Belfast Telegraph

Belfast restaurant owners racked up £1m debts

Closed restaurant chain's creditors include taxpayer-funded growth loan of £400k

By Christopher Woodhouse

THE former hit barbecue restaurant Bubbacue has left debts of more than £1 million following its surprise closure.

Documents published online show dozens of creditors are owed thousands, including a £400,000 taxpayer-funded loan. But liquidators estimate the Belfast chain, owned by John and Karen Blisard, has just under £18,000 to pay off what they owe.

However, the final figure may be more, with at least one creditor not on the list still out of pocket by at least £54,000.

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Bubbacue has closed its restaurants on Callender Street and Botanic Avenue

One person owed thousands of pounds told Sunday Life they were not even aware the business was closing until it was announced on social media.

It's understood the Blisards have returned to John's native United States, citing family reasons.

Despite riding to success on the pulled pork craze, it announced last month it was closing with immediate effect after going into liquidation. It had one site on Callender Street and another on Botanic Avenue.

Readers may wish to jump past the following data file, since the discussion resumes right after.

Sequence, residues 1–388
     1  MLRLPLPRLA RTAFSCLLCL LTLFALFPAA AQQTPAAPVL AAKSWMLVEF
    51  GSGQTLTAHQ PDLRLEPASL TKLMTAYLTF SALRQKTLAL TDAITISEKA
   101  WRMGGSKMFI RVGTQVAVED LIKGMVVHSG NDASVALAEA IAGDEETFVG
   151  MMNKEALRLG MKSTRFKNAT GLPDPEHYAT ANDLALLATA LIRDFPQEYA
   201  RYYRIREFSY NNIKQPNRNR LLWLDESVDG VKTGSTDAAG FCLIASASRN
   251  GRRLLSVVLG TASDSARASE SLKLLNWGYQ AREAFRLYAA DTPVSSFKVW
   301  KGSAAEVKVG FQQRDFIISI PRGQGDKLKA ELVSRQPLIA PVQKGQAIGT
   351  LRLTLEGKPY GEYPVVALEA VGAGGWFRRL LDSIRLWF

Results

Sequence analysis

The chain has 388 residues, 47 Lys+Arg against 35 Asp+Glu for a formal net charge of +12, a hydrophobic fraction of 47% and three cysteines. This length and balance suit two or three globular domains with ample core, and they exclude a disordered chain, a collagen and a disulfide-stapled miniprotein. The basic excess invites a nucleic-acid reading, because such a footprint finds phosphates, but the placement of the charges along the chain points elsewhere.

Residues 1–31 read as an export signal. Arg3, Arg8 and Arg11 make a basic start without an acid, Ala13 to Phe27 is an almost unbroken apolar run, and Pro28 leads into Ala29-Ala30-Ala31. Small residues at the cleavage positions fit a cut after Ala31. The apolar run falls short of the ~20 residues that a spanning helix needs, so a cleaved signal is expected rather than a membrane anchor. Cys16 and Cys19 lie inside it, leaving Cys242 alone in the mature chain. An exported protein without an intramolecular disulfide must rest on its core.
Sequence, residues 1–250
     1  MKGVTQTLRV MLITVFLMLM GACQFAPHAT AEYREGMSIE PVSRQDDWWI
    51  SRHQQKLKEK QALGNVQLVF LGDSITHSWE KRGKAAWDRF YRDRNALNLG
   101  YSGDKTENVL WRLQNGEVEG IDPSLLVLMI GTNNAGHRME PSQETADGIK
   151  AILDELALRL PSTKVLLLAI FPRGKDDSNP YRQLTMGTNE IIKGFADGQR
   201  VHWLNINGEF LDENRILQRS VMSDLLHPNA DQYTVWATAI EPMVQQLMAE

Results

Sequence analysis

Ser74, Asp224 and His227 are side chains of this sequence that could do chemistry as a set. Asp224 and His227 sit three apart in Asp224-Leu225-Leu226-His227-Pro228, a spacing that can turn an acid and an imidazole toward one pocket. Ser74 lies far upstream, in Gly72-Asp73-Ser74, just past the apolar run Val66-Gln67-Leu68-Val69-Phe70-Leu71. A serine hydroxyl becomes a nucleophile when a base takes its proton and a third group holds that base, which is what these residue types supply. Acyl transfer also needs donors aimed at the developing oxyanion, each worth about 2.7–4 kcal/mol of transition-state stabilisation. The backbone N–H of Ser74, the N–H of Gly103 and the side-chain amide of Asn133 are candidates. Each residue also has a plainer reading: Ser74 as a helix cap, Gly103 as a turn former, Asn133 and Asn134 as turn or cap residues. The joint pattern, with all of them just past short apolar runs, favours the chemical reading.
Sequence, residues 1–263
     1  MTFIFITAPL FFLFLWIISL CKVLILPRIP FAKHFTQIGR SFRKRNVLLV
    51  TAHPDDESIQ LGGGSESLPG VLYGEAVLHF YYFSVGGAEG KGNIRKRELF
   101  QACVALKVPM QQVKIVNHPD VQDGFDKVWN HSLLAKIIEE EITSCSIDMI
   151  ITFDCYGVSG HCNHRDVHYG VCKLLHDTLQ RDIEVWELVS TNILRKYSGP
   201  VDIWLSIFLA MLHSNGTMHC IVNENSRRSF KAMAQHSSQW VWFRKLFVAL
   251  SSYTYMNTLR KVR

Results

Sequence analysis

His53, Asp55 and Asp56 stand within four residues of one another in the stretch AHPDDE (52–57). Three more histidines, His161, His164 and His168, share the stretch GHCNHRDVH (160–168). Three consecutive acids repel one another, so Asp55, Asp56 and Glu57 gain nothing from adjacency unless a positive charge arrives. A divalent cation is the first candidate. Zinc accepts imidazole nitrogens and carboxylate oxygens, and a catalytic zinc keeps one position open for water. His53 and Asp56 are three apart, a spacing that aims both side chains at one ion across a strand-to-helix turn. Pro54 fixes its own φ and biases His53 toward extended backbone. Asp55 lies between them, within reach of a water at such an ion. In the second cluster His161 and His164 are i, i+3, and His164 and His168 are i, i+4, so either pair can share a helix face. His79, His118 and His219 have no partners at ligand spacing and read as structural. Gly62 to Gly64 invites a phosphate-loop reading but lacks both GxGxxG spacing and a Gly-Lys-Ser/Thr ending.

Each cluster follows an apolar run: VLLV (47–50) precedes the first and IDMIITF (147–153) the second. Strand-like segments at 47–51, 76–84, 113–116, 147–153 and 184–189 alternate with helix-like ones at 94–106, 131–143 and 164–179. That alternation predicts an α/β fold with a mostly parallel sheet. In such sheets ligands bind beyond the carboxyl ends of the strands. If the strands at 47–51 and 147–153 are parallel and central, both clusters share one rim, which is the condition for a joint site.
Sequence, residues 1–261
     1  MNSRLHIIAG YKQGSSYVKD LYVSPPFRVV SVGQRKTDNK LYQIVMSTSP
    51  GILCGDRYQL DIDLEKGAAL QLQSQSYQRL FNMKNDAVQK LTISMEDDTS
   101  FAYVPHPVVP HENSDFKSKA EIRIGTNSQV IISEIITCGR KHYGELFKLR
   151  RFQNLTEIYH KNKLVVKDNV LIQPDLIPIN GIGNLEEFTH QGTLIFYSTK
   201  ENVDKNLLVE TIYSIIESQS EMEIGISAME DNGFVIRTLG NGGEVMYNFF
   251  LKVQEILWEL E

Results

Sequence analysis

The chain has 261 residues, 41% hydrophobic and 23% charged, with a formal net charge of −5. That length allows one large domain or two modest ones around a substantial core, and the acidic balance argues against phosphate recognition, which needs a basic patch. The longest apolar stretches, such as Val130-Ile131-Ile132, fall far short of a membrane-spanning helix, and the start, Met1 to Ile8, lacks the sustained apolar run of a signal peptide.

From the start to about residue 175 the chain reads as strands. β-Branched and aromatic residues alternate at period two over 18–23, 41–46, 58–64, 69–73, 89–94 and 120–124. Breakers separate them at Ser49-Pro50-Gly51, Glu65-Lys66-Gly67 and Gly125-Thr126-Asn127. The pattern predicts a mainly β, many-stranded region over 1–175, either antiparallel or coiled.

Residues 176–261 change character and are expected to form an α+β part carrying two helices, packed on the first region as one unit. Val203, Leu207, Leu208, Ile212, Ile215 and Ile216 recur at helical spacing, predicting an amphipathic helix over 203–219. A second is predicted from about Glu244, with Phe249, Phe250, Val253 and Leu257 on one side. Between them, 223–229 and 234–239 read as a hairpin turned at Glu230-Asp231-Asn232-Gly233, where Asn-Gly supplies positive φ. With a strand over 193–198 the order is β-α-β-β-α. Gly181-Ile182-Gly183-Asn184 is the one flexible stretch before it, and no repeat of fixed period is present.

The Blisards, who also founded and then sold the burrito chain, Boojum, said they were pulling the plug with a Facebook post.

In March 2017, the firm secured £400,000 from the NI Growth Loan Fund, which is backed in part by taxpayer-funded Invest NI.

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Restaurant chain Bubbacue has ceased trading at its two Belfast outlets

Liquidators Keenan Corporate Finance published details of the amount owed to 27 suppliers and backers on Companies House earlier this month, totalling £1,201,758.

It includes £40,528 owed to Close Brothers Asset Finance and £30,352 to wholesale food supplier, Henderson.

The papers state more than £400,000 is still outstanding to the NI Growth Loan Fund, as well as £4,787 in redundancy payments to staff. They also reveal the directors ploughed £454,916 of their own funds into the company, which they haven't been able to make back.

Other companies still owed money include cooking oil suppliers, Frylite, NI Water, Electricity Ireland and drinks supplier, Nelson Sauvin.

The liquidators estimate the firm has just £17,610 available to meet the debts.

Sunday Life tried to contact John Blisard, but received no response.

A spokesperson for WhiteRock Capital Partners, which administered the fund, said they had conducted their normal lending procedures, including due diligence checks on the business.

They added they are seeking to recover the money.

cwoodhouse@sundaylife.co.uk

@MrCWoodhouse

Belfast Telegraph

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